Today (November 5), marks the first full day of the University of Iowa’s roll out of the national Red Flag Campaign in order to raise awareness of dating violence on college campuses.
According to the Department of Justice, nearly 30% of all college couples will experience some form physical abuse from a significant other during their lifetime. Similar surveys suggest that college women in particular are nearly three times as likely than the national average to experience either physical, emotional, or verbal abuse during a relationship. These incidences occur WAY too often and often go unreported as well for a variety of reasons. When we talked with students on campus, many said that they thought the incidences were isolated, an act of mistaken anger, or just “not that bad.” Most of the students we talked to about dating violence admitted to never telling anyone about these incidences. Most students thought no one cared or that “what happened behind closed doors should stay behind closed doors.”
All of the stories we heard from students on campus were heartbreaking. They confirmed anecdotally what the research has long shown – dating violence, and violence in general, is rarely talked about either because of fear of social repercussions, worry about personal responsibility, and / or confusion about what constitutes abuse.
These stories also show a surprising commonality in that they often preclude the ultimate positive outcome of safe, healthy, and positive relationships. The damage, these students discussed with us, were constantly on their mind in other relationships even where abusive behavior was not present.
The Red Flag Campaign seeks to encourage conversations on campus and in the community about the red warning flags of dating violence as acts that are not just physical. These red flags can include physical violence (often the last escalation of dating violence), sexual assault, stalking, isolation, extreme jealousy, and / or victim blaming. Often times these types of violence occur in overlapping incidences, however, even a one time incident can be a precursor to further violence. If you think you may have seen a red flag of dating violence, we encourage you to speak out.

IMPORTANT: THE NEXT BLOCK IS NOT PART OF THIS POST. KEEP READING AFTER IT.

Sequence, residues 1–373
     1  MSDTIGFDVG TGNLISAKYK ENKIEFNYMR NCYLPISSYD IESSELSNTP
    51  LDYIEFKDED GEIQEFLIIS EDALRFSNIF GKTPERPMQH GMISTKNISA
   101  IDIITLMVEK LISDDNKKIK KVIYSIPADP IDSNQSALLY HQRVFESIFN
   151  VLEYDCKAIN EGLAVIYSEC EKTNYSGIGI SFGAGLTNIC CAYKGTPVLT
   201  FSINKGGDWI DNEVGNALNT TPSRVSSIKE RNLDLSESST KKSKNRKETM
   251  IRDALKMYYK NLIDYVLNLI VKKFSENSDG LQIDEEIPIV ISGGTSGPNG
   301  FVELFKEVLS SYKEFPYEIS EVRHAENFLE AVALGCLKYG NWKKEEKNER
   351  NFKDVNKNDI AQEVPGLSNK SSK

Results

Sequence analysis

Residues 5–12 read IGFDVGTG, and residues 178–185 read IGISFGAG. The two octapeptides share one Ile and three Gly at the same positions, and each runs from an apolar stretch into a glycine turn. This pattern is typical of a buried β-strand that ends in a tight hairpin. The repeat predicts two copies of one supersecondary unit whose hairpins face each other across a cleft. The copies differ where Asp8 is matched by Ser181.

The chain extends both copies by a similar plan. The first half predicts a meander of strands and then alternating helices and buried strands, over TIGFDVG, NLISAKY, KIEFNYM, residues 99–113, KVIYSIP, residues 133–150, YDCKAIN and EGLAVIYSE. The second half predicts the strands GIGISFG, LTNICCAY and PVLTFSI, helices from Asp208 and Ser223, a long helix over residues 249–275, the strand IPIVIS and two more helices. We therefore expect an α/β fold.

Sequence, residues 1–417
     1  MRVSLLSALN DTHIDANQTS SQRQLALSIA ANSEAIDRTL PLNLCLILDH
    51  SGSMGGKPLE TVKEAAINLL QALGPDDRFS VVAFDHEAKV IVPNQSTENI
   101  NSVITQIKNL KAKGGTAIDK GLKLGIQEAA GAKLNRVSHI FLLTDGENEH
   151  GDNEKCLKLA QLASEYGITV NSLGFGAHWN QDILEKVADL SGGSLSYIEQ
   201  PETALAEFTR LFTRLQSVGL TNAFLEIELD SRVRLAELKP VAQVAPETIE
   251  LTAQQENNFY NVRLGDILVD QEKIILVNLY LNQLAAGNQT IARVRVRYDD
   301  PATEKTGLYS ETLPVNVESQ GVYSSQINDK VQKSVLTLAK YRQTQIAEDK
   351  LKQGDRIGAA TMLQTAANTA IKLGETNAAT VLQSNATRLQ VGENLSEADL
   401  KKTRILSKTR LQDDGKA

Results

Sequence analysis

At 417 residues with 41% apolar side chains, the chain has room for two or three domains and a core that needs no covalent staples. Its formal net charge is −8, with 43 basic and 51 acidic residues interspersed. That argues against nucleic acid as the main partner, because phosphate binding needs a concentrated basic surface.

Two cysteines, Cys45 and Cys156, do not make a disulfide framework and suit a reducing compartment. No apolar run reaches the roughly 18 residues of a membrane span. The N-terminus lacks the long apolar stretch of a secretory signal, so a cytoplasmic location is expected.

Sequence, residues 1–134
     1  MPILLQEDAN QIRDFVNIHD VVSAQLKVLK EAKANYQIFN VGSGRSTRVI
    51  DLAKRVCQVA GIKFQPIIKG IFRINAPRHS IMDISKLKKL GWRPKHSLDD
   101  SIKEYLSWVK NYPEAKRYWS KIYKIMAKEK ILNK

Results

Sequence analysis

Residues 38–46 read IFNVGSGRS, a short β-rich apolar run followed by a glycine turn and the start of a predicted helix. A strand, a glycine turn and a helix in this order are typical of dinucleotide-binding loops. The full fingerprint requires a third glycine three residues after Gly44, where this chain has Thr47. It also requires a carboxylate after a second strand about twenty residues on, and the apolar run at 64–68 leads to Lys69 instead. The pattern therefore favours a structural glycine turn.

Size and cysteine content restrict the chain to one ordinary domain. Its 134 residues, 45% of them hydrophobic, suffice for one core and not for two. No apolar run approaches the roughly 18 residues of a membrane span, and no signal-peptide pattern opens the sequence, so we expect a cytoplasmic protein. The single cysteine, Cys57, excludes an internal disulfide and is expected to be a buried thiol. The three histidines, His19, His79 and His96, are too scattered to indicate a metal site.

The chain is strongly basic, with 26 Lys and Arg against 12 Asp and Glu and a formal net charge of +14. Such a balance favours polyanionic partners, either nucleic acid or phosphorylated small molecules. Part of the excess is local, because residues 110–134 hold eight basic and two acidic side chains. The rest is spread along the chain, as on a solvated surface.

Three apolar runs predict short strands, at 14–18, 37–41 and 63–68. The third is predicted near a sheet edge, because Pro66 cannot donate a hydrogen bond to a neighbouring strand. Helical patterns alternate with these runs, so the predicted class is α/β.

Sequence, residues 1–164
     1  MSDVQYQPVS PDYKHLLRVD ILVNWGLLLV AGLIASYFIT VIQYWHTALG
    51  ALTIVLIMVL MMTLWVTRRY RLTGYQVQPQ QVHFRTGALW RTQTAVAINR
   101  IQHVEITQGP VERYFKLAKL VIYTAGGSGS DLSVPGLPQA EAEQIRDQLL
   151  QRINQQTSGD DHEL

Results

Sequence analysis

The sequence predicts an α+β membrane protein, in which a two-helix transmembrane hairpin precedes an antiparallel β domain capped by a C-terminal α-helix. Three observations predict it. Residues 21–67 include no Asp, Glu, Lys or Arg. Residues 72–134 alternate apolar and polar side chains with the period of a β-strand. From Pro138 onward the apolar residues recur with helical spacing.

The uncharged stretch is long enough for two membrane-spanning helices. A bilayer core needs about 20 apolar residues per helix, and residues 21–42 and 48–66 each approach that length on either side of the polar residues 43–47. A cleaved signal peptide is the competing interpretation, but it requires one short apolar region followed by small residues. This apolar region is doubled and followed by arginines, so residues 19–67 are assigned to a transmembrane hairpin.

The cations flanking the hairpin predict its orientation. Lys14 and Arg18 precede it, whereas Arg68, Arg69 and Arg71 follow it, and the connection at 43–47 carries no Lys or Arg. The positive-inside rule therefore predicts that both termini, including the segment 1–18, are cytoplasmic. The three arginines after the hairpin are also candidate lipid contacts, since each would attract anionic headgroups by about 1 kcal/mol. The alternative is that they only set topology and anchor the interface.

If you are not sure you have seen a red flag or would like to find out about more resources for victims of dating violence on the University of Iowa campus, visit the campaign website at:
You can also find more detailed information regarding dating violence at the national Red Flag Campaign website.
Some people doquestion the efficacy of awareness raising campaigns, especially those built around posters, facebook, and twitter.
You should be right to challenge empty words and inaction. The Men’s Anti-Violence Council is built on the principle that doing nothing is not an option anymore if we want to see a violence free future, but we would also argue that this campaign is a strong first step.
The students who we talked to in the process of planning the two campaign events, even those who did not want to share their stories publicly or under their real names, did thank us for opening the door for what can be a very difficult and sometimes awkward conversation. The Men’s Anti-Violence Council is based bystander model built on the premise that individuals can notice an event, interpret the event as problematic, and then feel responsible for helping intervene in the inappropriate situation. Without being able to meet these basic criteria, few people are likely to engage in actual interventions of ANY kind.